Japan PM Abe speaks of '100-Year Life' social security system as centenarian numbers soar

Japanese Prime Minister Shinzo Abe vowed to strengthen the country's social security system during an election debate on Sept 14, 2018. PHOTO: EPA-EFE

TOKYO - Japanese Prime Minister Shinzo Abe on Friday (Sept 14) vowed to strengthen the country's social security system to better prepare for the "100-Year Life" .

The vow was made on the same day the welfare ministry said the centenarian population hit a new record of 69,785.

Mr Abe was speaking during an election debate with former defence minister Shigeru Ishiba, who is challenging his bid for a historic third straight three-year term as leader of Japan's ruling Liberal Democratic Party (LDP). In Japan, the leader of the ruling party usually becomes the prime minister.

"I want to use the next three years to work towards realising a lifelong active society in which the elderly, who are abundant in experience and wisdom, can play an active role no matter how old they are," Mr Abe, 63, said during the debate at the National Press Club.

Among the measures being mooted is raising the retirement age to above 65, and to allow the elderly to defer their pension payouts beyond 70.

Japan, which has been struggling to lift its birth rates, is now the fastest-ageing society in the world. Its population has shrunk for seven straight years, to 126.7 million last year, and about one in four persons is now aged 65 and above.

The government's population research arm predicts that the number of Japanese citizens aged 100 and above will exceed 100,000 in five years, and 170,000 in a decade.

Mr Ishiba, 61, who also addressed the issue in the debate, called for more to be done to help uplift the elderly.

"There are six million elderly living alone, half of whom are surviving on income levels that are the same or lower than people on welfare protection," he said. "It is absolutely essential for Japan to give them hope by enacting work-style reforms so as to better tap their abilities."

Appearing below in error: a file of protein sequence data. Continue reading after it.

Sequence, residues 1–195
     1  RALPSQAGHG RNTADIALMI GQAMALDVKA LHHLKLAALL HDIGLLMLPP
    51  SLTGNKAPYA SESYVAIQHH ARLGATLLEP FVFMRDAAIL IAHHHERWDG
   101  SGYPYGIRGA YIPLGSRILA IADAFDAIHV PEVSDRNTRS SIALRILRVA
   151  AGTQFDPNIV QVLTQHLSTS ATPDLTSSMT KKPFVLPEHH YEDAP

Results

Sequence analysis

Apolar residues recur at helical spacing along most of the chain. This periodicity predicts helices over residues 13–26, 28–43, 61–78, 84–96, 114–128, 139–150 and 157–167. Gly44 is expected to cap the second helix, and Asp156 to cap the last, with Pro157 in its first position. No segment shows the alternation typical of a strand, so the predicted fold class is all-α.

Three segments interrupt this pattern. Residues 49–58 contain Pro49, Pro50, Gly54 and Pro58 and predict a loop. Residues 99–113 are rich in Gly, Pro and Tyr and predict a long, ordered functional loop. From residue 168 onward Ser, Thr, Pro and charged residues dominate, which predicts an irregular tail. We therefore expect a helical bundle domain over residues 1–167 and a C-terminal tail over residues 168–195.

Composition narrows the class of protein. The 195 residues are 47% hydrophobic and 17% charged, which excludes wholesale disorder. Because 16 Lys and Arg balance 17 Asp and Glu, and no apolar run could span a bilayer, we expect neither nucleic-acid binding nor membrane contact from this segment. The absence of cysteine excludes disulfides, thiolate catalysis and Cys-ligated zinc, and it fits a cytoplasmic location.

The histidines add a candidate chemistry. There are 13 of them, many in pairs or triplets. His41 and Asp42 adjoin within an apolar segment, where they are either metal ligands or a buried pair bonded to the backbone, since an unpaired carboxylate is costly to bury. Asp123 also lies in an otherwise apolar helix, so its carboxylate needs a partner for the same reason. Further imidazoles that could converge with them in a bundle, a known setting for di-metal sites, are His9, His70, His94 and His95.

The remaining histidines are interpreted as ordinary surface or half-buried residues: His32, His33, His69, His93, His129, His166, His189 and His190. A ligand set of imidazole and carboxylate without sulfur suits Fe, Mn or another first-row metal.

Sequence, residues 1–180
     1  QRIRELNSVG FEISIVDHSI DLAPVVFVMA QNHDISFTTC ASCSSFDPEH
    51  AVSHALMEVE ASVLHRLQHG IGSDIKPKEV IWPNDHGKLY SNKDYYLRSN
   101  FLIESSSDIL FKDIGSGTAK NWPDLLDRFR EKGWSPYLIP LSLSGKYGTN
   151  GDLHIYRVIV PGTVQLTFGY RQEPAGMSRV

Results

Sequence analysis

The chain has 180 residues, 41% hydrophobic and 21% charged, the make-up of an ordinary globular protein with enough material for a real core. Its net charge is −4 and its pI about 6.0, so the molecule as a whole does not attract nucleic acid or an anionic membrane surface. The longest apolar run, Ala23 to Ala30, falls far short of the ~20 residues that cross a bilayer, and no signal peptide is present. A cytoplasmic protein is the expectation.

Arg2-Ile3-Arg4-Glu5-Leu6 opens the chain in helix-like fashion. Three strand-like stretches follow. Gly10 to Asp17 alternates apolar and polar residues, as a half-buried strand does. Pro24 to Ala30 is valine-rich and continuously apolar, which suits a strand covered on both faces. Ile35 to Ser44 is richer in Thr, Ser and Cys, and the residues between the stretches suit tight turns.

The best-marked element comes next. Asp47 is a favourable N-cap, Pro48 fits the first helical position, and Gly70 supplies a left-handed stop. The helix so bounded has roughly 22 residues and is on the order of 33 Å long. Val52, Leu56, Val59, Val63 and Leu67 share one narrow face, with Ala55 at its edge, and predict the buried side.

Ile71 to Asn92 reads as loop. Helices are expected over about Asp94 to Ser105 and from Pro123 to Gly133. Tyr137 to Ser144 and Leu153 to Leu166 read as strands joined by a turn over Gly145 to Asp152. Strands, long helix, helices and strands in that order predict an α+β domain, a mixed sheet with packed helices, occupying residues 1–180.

On Friday, Mr Abe vaunted the track record of his economic policies dubbed Abenomics - combining ultra-loose monetary policy, fiscal stimulus and structural reforms - that has led to Japan's tightest job market in decades, fewer corporate bankruptcies, and rising tax revenue in both the national and municipal governments.

Yet Japan's fiscal health is the worst among major economies, and any economic reconstruction will have to be carried out amid ballooning social security costs.

The government has not hit its inflation target of 2 per cent. It has also not been able to meet its target for a budget surplus despite a planned consumption tax hike from 8 per cent to 10 per cent in October next year. Instead, in a controversial move, the government has put off attaining the surplus by five years, from fiscal 2020 to fiscal 2025.

"I don't believe (monetary easing) can continue forever," Mr Abe said during the debate. "But I can't say how it has to end now."

Mr Ishiba countered that Abenomics had only served to widen the chasm between Japan's wealthy cities and struggling rural areas.

"Many big companies and investors are getting more profits, but this has not spread to outlying regions," said the political firebrand, who represents the least-populated prefecture of Tottori and is seen as a salt-of-the-earth leader with rural interests at heart.

"We must make the most of the potential of Japan's rural areas, its small-and-medium-sized companies, as well as agriculture, forestry and fishery industries."

The two LDP politicians also locked horns over the Prime Minister's desire to revise the war-renouncing Constitution. Mr Abe has said that, if elected, he will put a proposal before Parliament by this year.

Mr Abe wants to erase any doubt about the legality of the country's military by codifying in writing that the so-called Self-Defence Force (SDF) "protects the peace and independence of Japan", whilst at the same time retaining the clause stipulating that the armed forces will "never be maintained".

Mr Ishiba, who is more hawkish, prefers a more drastic review and has said that there is no need to rush an amendment for the supreme law.

"I do not believe it is appropriate to willy-nilly revise the Constitution without a sincere explanation to each and every citizen," he said. "This is not a matter that can be solved simply by adding (the SDF) to the Article, without revising its essence."

Mr Abe, who has been premier since December 2012, is widely expected to win the internal party vote next Thursday (Sept 20), given his immense influence. This will put him on course towards becoming Japan's longest-serving prime minister.

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